• autifacts

A fragmented view of affairs

Updated: Feb 14

So, I have been thinking about autism and communication a lot lately and I have come up with some sort of explanation that might demonstrate how autism can work in social situations. Feel free to comment about your own experiences or your own views on this subject, as it's not set in stone and just a brain fart of mine.

Communication between people exists on multiple plains. For instance, there's verbal communication, non-verbal communication and then there's context. Of course, there are many more things that make up communication, but let's stick with the three main ones for the purpose of this story. It is said that non-verbal communication makes up for 30% of the communication between people. The other 70% is non-verbal. Together, they form 100% of information regarding the communication between people. And then there's context. Verbal or non-verbal communication can be interpreted in different ways, depending on the context of the situation you're in. For example, 'I just peed my pants' means something totally different in a situation where (a group of) people are laughing really loud compared to a situation where someone is waiting in a long line of people to get to the toilet.

Are you still with me so far? Great.

Autistic people often have a fragmented view of the world. This means that separate elements in a certain situation are not necessarily coherent in the eyes of an autistic person. For instance, telling someone with autism that dinner needs to be cooked and that you feel tired, doesn't mean that they will put those fragments of information together and come to the conclusion that you are asking for help. It simply means that dinner needs to be cooked and you are feeling tired.

Next to that, as I've mentioned before, autistics are often very theoretical thinkers and in theory, anything is possible. Do you see a handsome stranger smile at you in the grocery store? Maybe he's flirting. Or maybe he's having a good daydream (I certainly would). Or maybe he's just remembered a funny conversation he's had earlier that day? Maybe he just wants to show off his pearly whites? Maybe he's smiling at someone behind you? Who knows! According to the autistic brain, anything is possible, which makes our world very unpredictable.

So, autistics do not (or have a hard time to) pick up on non-verbal communication and context, as it could mean anything and our brains don't naturally put the puzzle pieces of a given scene together. This means we really only have a small percentage of information to work with in a social situation, compared to neurotypical people.

Let me clarify this with a beautiful example that I daydreamed up: Let's say you're invited over by a friend. You have known this person for a while and you get along, so all is well. You get there and you notice that the lights are dimmed, he/she's poured some wine, there's soft music playing, etc. He/she leans in close, touches you in acceptable but more intimate ways that usual and is making more excessive eye contact than usual. Your friend says to you: 'Let's watch a movie on the sofa.' So, you get comfortable, have some wine and start watching the tv screen together.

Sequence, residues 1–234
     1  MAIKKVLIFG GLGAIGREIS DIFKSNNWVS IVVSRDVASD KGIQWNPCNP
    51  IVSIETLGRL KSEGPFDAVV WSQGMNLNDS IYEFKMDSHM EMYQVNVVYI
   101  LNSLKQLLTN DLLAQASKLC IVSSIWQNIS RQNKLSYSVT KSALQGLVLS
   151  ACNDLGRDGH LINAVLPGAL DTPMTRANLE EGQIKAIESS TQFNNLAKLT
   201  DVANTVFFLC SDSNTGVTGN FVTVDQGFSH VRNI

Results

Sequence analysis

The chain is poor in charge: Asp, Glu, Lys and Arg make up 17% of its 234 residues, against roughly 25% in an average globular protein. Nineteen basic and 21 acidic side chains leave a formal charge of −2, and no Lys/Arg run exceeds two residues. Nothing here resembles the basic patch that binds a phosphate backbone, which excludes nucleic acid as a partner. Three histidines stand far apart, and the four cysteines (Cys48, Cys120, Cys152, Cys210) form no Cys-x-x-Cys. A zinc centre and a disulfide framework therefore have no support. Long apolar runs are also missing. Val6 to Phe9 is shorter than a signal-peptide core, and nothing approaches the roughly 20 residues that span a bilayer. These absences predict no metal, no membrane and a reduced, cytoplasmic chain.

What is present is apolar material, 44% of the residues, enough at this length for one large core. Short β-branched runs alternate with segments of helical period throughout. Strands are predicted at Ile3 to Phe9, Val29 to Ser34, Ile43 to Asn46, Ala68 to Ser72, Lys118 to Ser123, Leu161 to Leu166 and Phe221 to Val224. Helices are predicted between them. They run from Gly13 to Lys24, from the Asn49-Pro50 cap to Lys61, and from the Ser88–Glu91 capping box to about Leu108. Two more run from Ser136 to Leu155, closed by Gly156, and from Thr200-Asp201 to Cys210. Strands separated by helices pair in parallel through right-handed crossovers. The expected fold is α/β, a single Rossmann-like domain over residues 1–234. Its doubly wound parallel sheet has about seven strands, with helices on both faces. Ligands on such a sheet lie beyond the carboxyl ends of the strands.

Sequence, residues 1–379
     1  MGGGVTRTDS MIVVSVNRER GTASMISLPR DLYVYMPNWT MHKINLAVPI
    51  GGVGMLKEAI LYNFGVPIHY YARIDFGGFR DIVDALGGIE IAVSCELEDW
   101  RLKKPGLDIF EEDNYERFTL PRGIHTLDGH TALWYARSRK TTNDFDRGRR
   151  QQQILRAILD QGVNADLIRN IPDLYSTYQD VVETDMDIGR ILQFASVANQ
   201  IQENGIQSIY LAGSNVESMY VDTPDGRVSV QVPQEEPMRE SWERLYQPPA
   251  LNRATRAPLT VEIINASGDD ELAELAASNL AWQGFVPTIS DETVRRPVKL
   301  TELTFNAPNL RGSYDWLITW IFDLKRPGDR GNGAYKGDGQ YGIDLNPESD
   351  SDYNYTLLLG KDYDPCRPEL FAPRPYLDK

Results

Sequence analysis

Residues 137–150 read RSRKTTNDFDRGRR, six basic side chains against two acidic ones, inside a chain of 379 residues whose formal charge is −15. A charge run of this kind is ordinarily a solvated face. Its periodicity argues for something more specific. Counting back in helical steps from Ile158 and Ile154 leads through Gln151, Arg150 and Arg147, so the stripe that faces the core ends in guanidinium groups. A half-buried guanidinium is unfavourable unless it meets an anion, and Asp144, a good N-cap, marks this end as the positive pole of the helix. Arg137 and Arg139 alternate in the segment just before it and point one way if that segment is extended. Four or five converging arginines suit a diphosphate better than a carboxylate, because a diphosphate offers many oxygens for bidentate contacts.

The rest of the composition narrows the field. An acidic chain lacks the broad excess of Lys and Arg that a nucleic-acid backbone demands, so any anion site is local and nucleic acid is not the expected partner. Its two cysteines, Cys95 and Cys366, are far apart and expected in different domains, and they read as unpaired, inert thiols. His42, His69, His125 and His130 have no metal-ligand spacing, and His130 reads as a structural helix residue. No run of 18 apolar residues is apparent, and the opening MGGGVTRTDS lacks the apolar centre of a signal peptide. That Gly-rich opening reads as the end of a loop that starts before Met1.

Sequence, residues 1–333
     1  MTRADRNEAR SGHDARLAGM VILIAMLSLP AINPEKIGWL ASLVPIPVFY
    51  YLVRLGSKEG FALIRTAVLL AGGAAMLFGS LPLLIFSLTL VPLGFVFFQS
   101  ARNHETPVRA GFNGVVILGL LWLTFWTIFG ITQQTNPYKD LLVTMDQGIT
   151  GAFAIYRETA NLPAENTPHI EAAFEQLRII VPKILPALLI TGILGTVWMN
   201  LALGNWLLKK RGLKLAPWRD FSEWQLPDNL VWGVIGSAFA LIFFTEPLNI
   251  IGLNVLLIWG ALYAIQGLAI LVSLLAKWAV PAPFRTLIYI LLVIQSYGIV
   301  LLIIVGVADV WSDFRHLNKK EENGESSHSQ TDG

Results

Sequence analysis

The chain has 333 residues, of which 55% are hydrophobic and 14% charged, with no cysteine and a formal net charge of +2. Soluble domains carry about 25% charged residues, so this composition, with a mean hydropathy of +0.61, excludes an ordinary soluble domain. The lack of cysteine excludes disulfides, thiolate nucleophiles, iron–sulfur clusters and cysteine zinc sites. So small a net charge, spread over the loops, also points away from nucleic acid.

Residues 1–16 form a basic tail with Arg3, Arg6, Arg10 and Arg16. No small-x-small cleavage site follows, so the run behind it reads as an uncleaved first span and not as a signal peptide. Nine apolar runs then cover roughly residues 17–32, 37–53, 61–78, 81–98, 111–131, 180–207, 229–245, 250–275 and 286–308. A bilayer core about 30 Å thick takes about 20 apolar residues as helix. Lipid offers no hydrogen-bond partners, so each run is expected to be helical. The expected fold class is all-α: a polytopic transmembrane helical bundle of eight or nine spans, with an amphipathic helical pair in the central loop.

Now, if you're neurotypical, you might know what's going here. To you, it might be very obvious your friend wants to be more than just friends. That's because your brain has puzzled the pieces together and your instincts are letting you make the correct assumptions about this situation. This isn't just a friendship and you're not here to watch a movie, your friend wants to be intimate with you and move the relationship to the next level.

Now, consider you are autistic. Your brain is not all that into puzzles. Instead, it sees every item in its own and tries to give meaning to that particular thing. Let's talk about context:

- Dimmed lights might mean your friend is trying to be environmental friendly, or his or her electricity bill is running high, perhaps his or her eyes are hurting, and you are not certain about any of these assumptions.

- A glass of wine might be a representation of your friend's favourite vintage, maybe he/she wants to get druk of maybe he/she is under the assumption that you might appreciate a glass of wine after a long day. Again, there are no certainties.

- The soft music is certainly confusing, as your friend said he/she wanted to watch a movie, so you have no clue what's up with that.

Then, there's the non-verbal communication:

- Leaning in close? Is he/she afraid you can't hear each other? Is there a secret that needs to be told? Is he/she cold?

- Touching you? Each touch could mean anything, but never mind that, your sensory issues are spiking right now, so you don't even have the brain power to process all of this information.

- And eye contact? How uncomfortable.

So, to the autistic eye, your friend is acting weird!

The autistic brain is not putting the fragments of the situation together. Instead, all the phenomena remain unrelated and incoherent and you are trying to make meaning of this situation by reviewing the only reliable information you have: 'Let's watch a movie on the sofa.' Imagine the surprise once your friend starts kissing you. You would have never seen it coming.

This is just one example of a social situation most autistic people will misinterpret at least once or twice in their lives, depending on their level of social skills and expertise in masking and compensating. It is this fragmented view that gets us in trouble in many situations and I think it works the other way around too. When you don't pick up on context and non-verbal information, you tend not to be aware of your own actions in relations to your environment. Telling someone about your passion for small breed dogs might be appropriate at a birthday, it is less appropriate at a funeral.

Or so they say... ;-)


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